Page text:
We know, therefore, that Charlie is capable of expelling his intestinal contents with all the force of a firehose under full pressure. (Riot cops, take note.) This knowledge is the only thing that keeps me from giving his navel a gentle poke when I know he'd like relief among all the plans I have for Charlie's room, chiseling solidified baby crap off the walls is not included.
Well, that and my grudging awareness that it's probably not a good idea to play with the kid's intestine every time I'm feeling lucky.
Too bad. I'll just have to satisfy myself with playing Operation on him. It'll come in handy if his hernia turns out to need surgical correction.
0 days adjusted
Charlie reaches his due date today.
When he was still in the hospital, I used that fact to protest every inequity, no matter how picayune. My indignation knew no bounds. "What do they mean, no turn on red?" I'd exclaim, shaking my fist righteously at a road sign. "Don't they know my kid's in the hospital?!"
Since then, I've cut him all kinds of slack after all, he was still technically early, even though we'd have had him at 36 weeks if everything had gone according to plan. "Well, of course he doesn't like being bathed!" I'd croon, getting all up in his face, scaring the tiny bejesus out of him. "He isn't even born yet!"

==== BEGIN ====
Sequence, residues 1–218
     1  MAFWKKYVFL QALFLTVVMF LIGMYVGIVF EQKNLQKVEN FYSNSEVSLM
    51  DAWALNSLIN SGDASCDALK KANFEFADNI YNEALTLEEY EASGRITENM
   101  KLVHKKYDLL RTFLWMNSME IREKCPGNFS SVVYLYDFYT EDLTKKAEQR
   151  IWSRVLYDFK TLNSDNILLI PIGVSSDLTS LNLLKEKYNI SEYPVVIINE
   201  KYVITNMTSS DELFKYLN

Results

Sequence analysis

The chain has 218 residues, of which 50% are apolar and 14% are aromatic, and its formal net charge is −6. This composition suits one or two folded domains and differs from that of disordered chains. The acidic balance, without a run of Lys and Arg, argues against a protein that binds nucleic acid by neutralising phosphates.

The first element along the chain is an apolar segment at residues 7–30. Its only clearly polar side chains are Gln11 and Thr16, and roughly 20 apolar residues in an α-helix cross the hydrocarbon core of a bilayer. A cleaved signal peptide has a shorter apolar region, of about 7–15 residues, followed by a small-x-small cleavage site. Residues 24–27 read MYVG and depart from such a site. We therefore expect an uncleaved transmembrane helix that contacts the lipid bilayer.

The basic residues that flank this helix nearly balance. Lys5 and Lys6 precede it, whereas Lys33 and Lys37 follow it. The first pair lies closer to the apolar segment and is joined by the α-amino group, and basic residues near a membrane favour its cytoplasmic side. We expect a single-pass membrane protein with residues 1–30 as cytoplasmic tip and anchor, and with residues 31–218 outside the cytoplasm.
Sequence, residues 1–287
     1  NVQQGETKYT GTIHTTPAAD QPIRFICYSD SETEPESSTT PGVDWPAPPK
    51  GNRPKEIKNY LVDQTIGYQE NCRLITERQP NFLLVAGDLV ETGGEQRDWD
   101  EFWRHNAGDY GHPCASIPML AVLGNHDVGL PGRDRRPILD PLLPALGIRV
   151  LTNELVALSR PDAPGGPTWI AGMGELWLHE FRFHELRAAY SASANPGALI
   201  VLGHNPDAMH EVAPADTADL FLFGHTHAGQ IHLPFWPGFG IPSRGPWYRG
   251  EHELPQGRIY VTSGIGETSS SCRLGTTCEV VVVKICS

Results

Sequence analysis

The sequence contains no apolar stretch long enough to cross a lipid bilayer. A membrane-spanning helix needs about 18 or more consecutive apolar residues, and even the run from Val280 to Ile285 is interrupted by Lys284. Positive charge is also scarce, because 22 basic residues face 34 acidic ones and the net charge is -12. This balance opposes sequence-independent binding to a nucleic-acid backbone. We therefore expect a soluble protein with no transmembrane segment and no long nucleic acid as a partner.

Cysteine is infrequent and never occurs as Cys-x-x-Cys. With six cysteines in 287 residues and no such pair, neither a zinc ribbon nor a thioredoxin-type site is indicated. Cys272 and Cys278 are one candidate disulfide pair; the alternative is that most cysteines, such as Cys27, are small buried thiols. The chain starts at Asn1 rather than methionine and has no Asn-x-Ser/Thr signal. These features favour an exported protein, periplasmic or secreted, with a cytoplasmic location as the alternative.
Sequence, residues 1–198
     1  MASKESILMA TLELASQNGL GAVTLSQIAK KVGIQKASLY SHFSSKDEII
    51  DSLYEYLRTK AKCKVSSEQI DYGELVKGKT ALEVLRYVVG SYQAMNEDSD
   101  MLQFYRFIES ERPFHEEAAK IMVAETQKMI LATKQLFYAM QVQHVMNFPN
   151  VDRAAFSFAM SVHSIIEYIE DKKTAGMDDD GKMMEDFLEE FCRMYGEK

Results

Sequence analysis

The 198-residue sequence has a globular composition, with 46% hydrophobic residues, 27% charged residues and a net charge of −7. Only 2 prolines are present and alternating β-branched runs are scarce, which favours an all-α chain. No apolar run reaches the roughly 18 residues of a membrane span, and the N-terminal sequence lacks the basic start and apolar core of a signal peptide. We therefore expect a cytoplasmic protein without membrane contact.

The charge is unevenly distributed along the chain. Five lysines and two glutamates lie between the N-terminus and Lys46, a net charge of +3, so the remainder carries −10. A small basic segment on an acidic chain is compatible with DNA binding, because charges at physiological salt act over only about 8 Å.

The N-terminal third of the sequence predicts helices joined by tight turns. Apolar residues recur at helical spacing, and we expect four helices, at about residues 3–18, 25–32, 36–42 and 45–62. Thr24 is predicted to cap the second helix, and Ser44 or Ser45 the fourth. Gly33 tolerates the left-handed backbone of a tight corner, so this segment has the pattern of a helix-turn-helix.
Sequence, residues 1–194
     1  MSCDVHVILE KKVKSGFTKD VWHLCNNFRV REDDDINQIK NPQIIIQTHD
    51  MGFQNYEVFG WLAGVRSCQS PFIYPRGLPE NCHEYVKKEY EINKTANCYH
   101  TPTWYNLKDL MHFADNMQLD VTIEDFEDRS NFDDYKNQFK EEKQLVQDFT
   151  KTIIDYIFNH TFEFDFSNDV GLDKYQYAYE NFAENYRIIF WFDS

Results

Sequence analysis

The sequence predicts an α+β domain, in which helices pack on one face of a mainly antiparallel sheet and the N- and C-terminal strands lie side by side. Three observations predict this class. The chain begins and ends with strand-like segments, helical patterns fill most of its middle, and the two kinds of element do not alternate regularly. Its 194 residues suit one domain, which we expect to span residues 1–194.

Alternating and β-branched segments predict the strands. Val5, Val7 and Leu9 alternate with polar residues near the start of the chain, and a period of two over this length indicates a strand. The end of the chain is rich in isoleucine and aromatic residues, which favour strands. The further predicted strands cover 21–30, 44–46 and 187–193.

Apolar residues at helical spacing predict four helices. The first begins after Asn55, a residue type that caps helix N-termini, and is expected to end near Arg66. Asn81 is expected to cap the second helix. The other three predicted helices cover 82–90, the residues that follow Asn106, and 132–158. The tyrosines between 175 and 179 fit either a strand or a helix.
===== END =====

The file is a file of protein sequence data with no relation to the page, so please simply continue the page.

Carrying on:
Now there are no more excuses. 40 weeks gestation today.
Nipple freakishly implacable antipathy
Whoever came up with the term "nipple confusion" is a fool. Charlie's not confused; he is a baby of rare discrimination who knows exactly what he wants. He doesn't have nipple confusion. He has nipple preference. Nipple aversion. Nipple seething white-hot hatred, if you really want the truth.
We dislike breastfeeding, Charlie and I.
We started out in the NICU with the make-a-nipple-sandwich method, which involves jamming a big fistful of areola into a defenseless baby's mouth, stuffing him into muteness as if you didn't want him squealin' to the cops, see?! With this method he'd latch briefly, give three strong sucks, then look bewildered. I'd remove my nipple from his mouth and start all over again. "He'll get it," promised the flaky hospital LC, in between fits of crooning, "There you go, mama. C'mon, baby. Mmmmmama," as if she were a white, female, sub-moronic Isaac Hayes.
When I told the local lactation consultant about this, she rolled her eyes so hard they clacked in their sockets. When they finally rolled to a halt, she broke out a nipple shield, a clear silicone sombrero that comes to a point so emphatic I feared I'd put out one of Charlie's eyes with it. It fits directly over your naked nipple and is used to make it easier for the baby to draw the nipple into his mouth; it's especially helpful for babies with a suboptimal latch or suck and for women with suboptimal anatomy. That would be Charlie, and that would be me.